4 things most educators do instinctively that are good for student mental health
Everyday practices that positively impact student mental health in schools
Greeting students daily
While greeting students may seem simple, the practice is making a difference in schools across Ontario. Greeting the class as a group is essential. You can enhance the practice by welcoming students individually and making a personal connection with each student. Personal greetings help to foster your relationships with students. They support students’ sense of mattering and help them to feel like they belong. It’s a small thing that goes a long way.
How to bolster this practice: The daily greetings practice in our everyday mental health resources offers some variations of greetings that you might want to try. Check out the resource:
Differentiation and choice
Differentiation is something we’re used to talking about when it comes to teaching and learning. An approach that helps one student learn a concept may not help their peer. And offering students choice in approaches to assignments and how they work can support engagement and autonomy. Differentiation and choice are woven into how you teach and can also apply to mental health promotion. For example, a stress management strategy that might work for one student won’t appeal to another. Helping students build their mental health toolkit is important and introducing students to a range of strategies to choose from is an effective way to help everyone in your class.
How to bolster this practice: You can plan to intentionally introduce students to a variety of different mental health support strategies. Our virtual field trips can help when it comes to stress management and coping, which is a crucial area for students (and all of us)! We also have some tips specific to supporting students with special education needs.
Routines in the learning environment
Your daily routines and practices may help you feel organized, and they’re also beneficial to your students. Routines can help students feel safe – they provide structure and predictability. Plus, when you introduce routines into your daily learning, you’re modelling executive function skills like planning, organization and time management, which can positively impact student learning habits.
How to bolster this practice: Look at the organization section of the everyday mental health resources for some new ideas to try with your class.
Framing mistakes and challenges as learning
The lessons students learn while at school go beyond explicit efforts to teach concepts. Modelling is important. Growth mindset and perseverance are common themes in education. Students will notice when you frame your mistakes and failures as learning opportunities. They will see you challenge yourself to try new things. And sometimes, you may change course or ask for help—modelling persevering in a more appropriate way and help-seeking behaviour. Your students see this too.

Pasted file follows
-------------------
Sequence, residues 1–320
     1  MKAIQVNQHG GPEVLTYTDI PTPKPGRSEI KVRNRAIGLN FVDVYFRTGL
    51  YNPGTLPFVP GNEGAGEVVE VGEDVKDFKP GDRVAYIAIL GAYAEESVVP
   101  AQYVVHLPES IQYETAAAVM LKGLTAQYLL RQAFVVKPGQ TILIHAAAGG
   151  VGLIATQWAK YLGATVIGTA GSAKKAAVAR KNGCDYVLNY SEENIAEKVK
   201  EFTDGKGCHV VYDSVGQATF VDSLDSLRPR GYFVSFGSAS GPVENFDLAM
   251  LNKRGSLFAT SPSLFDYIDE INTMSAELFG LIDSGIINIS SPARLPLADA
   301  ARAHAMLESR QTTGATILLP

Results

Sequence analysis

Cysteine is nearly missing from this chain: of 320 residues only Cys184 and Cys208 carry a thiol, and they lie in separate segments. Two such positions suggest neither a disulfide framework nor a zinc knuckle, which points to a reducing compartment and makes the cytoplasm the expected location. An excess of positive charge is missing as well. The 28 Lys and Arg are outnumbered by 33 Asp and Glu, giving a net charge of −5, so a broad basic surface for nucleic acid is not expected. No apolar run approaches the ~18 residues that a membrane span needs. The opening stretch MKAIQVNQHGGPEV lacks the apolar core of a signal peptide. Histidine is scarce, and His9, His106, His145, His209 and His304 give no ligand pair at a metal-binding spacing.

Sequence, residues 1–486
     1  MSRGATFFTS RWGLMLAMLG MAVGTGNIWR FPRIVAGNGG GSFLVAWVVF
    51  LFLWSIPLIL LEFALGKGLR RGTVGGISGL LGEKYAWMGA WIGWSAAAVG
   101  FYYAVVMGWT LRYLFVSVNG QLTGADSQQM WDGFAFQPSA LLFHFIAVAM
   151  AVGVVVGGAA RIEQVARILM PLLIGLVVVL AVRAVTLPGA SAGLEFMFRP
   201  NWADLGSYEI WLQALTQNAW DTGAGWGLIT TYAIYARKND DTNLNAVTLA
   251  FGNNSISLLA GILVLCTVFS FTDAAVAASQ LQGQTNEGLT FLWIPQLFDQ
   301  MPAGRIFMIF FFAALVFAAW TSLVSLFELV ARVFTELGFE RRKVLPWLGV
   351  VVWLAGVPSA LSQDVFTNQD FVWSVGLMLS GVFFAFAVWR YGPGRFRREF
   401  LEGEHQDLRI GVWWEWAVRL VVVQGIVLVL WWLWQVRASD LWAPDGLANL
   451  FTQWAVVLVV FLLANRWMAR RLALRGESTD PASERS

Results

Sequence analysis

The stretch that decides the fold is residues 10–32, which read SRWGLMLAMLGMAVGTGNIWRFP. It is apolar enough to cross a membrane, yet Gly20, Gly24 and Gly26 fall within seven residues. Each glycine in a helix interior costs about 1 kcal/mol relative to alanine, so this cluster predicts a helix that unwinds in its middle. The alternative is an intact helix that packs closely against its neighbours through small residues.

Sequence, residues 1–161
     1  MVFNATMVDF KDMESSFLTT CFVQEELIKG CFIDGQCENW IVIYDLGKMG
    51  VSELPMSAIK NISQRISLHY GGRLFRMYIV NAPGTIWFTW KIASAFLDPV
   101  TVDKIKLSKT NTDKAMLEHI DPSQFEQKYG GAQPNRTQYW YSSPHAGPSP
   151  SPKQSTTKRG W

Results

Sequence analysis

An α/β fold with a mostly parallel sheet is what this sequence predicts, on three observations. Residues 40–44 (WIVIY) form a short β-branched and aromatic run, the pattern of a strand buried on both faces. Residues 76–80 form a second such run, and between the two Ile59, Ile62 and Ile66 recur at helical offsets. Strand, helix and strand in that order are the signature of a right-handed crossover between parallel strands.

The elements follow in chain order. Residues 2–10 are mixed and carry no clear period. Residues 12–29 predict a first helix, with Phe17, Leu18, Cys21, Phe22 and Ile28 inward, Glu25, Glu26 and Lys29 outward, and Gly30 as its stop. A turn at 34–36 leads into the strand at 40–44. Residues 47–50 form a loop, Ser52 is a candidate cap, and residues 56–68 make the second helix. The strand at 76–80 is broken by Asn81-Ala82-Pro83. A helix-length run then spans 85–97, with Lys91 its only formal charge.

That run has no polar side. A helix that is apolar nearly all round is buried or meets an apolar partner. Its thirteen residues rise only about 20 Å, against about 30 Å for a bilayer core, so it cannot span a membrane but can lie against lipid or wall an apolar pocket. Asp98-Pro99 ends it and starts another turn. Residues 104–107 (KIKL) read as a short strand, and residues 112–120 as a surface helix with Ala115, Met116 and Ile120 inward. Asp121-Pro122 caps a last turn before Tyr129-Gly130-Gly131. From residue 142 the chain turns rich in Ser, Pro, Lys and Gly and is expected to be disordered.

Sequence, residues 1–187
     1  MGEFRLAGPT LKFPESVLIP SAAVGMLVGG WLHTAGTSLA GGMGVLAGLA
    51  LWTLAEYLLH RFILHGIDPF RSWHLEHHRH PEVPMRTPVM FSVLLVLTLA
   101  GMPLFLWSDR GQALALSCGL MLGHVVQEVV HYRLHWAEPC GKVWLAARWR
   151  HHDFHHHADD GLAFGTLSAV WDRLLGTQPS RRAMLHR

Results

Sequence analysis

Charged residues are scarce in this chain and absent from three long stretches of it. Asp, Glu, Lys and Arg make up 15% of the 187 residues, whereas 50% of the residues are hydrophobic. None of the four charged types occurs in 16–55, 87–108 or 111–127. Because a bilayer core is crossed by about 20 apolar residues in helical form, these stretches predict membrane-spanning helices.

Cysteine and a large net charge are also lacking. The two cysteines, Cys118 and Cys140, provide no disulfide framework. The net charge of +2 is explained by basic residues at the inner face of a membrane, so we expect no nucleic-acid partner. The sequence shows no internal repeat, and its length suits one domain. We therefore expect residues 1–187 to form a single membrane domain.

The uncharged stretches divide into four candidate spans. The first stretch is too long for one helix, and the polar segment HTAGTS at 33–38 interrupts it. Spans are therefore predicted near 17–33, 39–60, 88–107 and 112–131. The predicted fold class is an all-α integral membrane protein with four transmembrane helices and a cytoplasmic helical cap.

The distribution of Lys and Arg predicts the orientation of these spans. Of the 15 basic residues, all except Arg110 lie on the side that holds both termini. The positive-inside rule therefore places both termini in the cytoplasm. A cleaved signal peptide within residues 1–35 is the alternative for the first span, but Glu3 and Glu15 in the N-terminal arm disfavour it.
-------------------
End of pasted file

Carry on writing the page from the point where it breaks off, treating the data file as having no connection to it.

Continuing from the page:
How to bolster this practice: While your students will pick up on the subtle indications of your growth mindset, it can be helpful to name things out loud – make it explicit for them.
Say: “I’ve been trying out some new mental health strategies, and I’m not getting them quite right yet, but I’m going to keep going.” Or, “This new computer program the school board gave us feels tricky right now. I have felt like I want to give up. But I know I’ll get it if I keep trying, and I can ask [a colleague] for help.”
The continuum of mental health support at school
These practices are part of tier 1 of the Aligned and Integrated Model. Tier 1 is the foundational everyday work you do to welcome and include students, understand them and build knowledge of mental health, promote mentally healthy habits and partner with parents, students and other staff to create a supportive environment. Most of the mental health work in schools is at this level.
How to enhance mental health promotion in your school or learning environment
While we want to acknowledge and celebrate the everyday ways school staff support student mental health, we know that growth is always possible. Our suggestions for bolstering practices might be helpful. Here are some other ways you can enhance your practice:
Learn more about student mental health!
If you’re in Ontario, you can access our free online course about school mental health for Ontario educators. Not only will the course help you build your mental health literacy, but you’ll also pick up tips for dealing with different challenges in the classroom and beyond.
Consider your learning environment
Review our mentally healthy learning environments page for tips you can apply to your classroom immediately.
Use our Reflection tool for educators to reflect on your practice.
Continue your work to share space and power
Continue your anti-racism and anti-oppression learning and unlearning and reflect on ways to share space and power. There’s always more to learn about—your humility and commitment to this work are critical to supporting student mental health. Check out our resources related to equity and mental health.